By Robert Silvey
In much of the US, it’s now cheaper to install a solar-electric system than to buy your electricity from the grid. If your house is in the right placeâ€”it gets enough sunshine and it’s in a state that provides a solar rebateâ€”a photovoltaic system is simply a good personal investment. You’re not just reducing your carbon footprint, you’re actually saving moneyâ€”and the resale value of your house is likely to rise by almost exactly the amount you invest, while you get free electricity, year after year.
That was not always the case. In 2001, when I last investigated the feasibility of going solar in Berkeley, it would have cost about $40,000 to install enough PV panels to reduce my PG&E electric bill to zero. So when Dick Cheney said, “Conservation may be a sign of personal virtue, but it is not a sufficient basis for a sound, comprehensive energy policy,” he was not altogether wrong. It was an expensive choice, however virtuous.
But Cheney is wrong now, at least when it comes to solar power. In California (as in many other statesâ€”here’s a list), you can reduce your carbon footprint and bask in that sense of virtue, and as of 2007 you’ll come out ahead financially too. Well, perhaps not ahead of Cheney, with his oil-gotten gains, but well ahead of where you would have been.
So I’m putting in solar power. Sun Light & Power, a local Berkeley company with 30 years’ experience in alternative energy, is designing and building a PV system with 3.2 peak kilowatts. The total cost is $26,000; the California Public Utility Commission will pay a rebate of $6,000, and I can claim a federal tax credit of $2,000, so the net cost will be $18,000. It’s exciting!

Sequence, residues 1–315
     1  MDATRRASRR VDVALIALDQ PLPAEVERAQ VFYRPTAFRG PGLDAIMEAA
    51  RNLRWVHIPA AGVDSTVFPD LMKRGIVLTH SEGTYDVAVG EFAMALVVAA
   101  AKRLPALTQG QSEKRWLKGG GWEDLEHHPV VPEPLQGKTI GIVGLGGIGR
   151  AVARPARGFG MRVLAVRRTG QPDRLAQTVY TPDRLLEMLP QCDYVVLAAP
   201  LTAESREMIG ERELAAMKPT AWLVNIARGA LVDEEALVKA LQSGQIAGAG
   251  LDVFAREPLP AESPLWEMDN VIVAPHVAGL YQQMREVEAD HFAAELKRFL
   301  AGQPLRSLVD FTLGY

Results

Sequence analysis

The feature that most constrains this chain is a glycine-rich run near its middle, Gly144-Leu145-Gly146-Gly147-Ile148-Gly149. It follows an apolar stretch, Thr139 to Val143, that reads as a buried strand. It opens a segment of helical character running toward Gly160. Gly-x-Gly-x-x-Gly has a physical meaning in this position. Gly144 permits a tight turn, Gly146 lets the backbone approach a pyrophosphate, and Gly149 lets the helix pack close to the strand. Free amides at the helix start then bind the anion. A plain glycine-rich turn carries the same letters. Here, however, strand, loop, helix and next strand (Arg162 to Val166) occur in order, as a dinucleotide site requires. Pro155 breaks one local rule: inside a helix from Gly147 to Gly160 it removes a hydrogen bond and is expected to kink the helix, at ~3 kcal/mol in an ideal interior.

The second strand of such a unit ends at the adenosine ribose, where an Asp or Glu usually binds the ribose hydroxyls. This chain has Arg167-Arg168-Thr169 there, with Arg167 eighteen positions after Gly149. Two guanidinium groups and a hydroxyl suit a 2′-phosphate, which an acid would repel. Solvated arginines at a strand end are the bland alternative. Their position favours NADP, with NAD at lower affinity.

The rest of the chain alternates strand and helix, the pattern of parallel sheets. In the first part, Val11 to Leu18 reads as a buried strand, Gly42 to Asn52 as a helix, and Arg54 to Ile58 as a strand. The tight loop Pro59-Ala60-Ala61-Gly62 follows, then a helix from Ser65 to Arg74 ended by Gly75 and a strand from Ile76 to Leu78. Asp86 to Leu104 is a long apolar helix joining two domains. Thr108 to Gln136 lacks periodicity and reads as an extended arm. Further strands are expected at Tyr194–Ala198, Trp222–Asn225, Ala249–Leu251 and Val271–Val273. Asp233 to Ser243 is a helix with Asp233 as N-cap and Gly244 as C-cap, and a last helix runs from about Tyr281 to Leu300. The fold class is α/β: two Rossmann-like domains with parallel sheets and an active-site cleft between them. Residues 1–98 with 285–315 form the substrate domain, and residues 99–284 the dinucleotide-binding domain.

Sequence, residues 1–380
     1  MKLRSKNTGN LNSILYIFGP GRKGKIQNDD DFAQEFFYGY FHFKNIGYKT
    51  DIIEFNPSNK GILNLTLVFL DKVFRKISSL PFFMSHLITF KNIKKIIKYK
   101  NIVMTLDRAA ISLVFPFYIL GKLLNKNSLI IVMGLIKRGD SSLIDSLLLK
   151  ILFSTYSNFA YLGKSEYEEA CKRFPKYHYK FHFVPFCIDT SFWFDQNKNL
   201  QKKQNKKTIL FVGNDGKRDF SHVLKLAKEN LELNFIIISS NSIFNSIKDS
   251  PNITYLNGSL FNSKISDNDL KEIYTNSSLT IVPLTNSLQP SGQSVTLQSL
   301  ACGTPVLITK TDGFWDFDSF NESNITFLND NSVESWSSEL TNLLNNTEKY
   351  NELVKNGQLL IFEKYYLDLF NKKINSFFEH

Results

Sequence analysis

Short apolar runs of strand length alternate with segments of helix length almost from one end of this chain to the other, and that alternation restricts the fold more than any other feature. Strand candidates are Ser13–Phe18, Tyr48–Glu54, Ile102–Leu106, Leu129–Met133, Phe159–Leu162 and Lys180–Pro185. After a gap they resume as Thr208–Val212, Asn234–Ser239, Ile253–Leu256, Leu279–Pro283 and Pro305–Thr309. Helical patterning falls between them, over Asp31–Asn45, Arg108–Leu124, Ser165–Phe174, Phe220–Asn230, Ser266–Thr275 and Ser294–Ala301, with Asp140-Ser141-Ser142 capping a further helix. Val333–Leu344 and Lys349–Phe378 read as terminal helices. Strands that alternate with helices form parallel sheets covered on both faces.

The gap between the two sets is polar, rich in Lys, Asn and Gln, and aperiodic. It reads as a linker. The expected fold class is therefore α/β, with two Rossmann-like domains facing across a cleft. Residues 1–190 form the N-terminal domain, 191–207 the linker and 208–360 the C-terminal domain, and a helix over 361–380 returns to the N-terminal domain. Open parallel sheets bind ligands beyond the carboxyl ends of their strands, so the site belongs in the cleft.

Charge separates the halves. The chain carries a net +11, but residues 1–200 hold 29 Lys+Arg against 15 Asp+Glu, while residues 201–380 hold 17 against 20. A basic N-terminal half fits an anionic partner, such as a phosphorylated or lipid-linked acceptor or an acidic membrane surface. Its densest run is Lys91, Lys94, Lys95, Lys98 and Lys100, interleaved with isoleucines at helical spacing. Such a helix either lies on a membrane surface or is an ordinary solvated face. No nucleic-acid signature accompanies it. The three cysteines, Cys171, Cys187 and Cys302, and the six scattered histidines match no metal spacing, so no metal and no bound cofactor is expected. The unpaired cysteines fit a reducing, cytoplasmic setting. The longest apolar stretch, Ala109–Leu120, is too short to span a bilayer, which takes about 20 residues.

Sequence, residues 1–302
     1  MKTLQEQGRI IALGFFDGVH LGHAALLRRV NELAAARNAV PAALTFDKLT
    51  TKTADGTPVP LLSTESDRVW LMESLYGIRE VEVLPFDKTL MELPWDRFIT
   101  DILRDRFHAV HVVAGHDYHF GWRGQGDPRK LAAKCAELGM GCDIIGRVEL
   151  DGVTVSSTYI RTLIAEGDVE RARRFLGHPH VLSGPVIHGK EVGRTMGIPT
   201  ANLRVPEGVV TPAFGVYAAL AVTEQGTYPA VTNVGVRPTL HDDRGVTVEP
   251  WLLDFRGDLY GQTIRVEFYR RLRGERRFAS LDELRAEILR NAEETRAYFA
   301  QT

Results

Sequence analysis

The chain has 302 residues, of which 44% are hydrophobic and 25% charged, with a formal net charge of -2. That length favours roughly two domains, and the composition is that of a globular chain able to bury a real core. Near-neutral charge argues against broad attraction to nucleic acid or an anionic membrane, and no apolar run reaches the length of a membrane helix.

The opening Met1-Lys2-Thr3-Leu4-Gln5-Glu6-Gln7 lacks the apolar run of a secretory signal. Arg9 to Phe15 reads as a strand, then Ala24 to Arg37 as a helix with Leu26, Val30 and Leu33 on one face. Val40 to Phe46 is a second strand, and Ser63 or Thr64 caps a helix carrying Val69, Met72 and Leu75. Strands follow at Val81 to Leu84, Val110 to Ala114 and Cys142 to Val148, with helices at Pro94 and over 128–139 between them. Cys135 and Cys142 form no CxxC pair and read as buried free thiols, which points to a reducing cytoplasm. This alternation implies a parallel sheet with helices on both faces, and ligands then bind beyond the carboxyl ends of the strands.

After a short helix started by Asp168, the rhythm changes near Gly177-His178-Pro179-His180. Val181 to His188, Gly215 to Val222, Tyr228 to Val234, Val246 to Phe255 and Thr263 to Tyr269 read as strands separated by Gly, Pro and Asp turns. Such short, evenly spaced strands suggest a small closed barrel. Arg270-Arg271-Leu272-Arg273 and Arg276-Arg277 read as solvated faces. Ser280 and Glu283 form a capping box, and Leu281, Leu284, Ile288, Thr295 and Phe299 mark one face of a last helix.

But it is a lot of money, so the next obvious question is how long it will take to recoup that cost. Sun Light estimates that with the energy I save it will take me about 13.5 years, with a return on investment of 9% over the 30-year life of the systemâ€”assuming (improbably) that the cost of electricity will rise no faster than the overall inflation rate.
But that’s the wrong question, because the $18K cost is in fact translatable directly into home equity. It’s an investment, not a sunk cost. As Andrew Black reported to the American Solar Energy Society:
These monetary benefits are financially quantifiable. A solar electric system increases home value by $20,000 for each $1,000 in annual reduced operating costs, according to The Appraisal Institute. A solar electric system compares very favorably with other home improvements in percentage of cost recovered. Often, a solar system can recover much more than 100% of its cost, and this percentage actually increases over time as electric rates rise.
In my case, that is, I invest $18K into the house with a new solar-electric system, and the house is now worth $18K more in resale value. Since my electric bill goes from $900 per year to zero, my immediate return on investment is 5%. When electric rates double, the ROI will be at least 10%â€”and possibly much higher, if the resale value of the PV system increases. (In fact, I am also adding a solar hot-water system, at a net cost of $6K, with a similar projected ROI.)
So here’s the point: Go solar now. There’s no reason to wait for the cost to come down further. Even if you aren’t particularly motivated to save the Earth, you can save some real money. Of course, the Earth would be grateful too.
[Cross-posted at Rubicon]